Originally posted by wizard69
The 400 series is available as a core. You take your design automation tools, tack on a few functional units, compile and send to the foundry. It no real mystery and those functional units can be derived from a library or a few of your own. I would not be surprised at this moment in time to hear that AltVec exist as source code some place.
I'm not saying it can't be done. I'm saying it doesn't make sense to do it. The 440 was expressly designed to be extensible. A good SoC solution needs to be extensible because in the embedded market, one size rarely fits all plus an extensible design will have longer legs as far as product family lifecycle goes. (You don't have to retool for every new fad in communications technology.)
So yes, you can add VMX and 440 FPU2 units to the 440 quite handily.
Actually I thought we started out with 2 core processors but that doesn't really matter. The only thing that bothers me about the MCM is that they where expensive, but maybe that is not a problem at the volumns that Apple would use.
Well he said two MCMs with two 440s each. Which is nonsensical at the outset, since an MCM describes the Power4 and Power5 packaging and IBM does not use the terminology elsewhere, to my knowledge. But leaving that aside, there is the issue that what an MCM provides is interchip communications busses. It's purpose is to allow the cores to communicate, so separating them into pairs with only two per MCM is counterproductive if you know you'll need four cores. So I assumed that all four would be on one MCM.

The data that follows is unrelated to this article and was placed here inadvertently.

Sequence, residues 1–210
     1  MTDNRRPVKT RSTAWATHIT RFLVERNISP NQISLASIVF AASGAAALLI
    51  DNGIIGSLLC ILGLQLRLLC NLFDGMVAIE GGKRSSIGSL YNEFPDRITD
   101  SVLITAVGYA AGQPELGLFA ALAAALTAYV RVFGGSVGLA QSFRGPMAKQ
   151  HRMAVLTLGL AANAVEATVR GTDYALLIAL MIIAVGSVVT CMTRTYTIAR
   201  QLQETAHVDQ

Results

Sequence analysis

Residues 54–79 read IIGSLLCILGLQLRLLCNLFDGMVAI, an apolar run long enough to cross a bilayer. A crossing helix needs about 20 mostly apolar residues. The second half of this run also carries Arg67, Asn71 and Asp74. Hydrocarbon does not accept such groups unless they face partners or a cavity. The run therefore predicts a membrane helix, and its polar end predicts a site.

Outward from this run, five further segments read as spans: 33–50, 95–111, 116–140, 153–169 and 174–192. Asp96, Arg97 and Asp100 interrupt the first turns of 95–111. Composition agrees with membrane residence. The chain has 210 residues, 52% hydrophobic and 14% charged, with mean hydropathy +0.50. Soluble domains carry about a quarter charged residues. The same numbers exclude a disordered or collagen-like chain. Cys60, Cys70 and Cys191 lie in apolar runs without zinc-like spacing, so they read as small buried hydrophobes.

In any event I would suspect that the 440 was used for prototype work. There is a good chance that a follow on to the 400 series may actually make it into the design.
Well, if you want to create imaginary architectures to make Nr9's scenario more plausible, go right ahead.
Well that may be his answer but what would happen if a MMU that supports SMP where tacked onto the core.
There would also have to be support in the core for thread locking, etc. (Means more silicon, more heat.)
This is unix, there is support for communications between processes already. I don't think you would see a major retooling of the operating system. In any event I'm leaning to a more traditional SMP system on a chip.
This is actually a self contradictory two part objection. Please rest assured that (as Nr9 points out) a distributed architecture would require an entirely new programmatic model despite Mac OS X's unix foundations. It would mean rewritting the OS from the ground up. You would not be able to use the Mach kernel, for instance.
As to the second part of your objection, yes an SMP implementation is possible, just not with the 440 core.
Frankly I can't ever recall Nr9 saying that a single thread would run acroos several processors. I'm reasonable sure that was someone else because I responded to that specific post.
Whether he said it or not, it becomes a fundamental requirement as the only alternative is to run it on a slow core effectively undoing any expected perfromance benefit.
My position is that it would be easiest for Apple to go the SMP route on the new chip implementation due to the leveraging of existing software. It would certainly give you the best bang for the buck in the short term. But and it is a big but SMP does not scale forever and not all programs can really make use of it. At some point multiple independant processing units that communicate amongst themselves may be a better idea.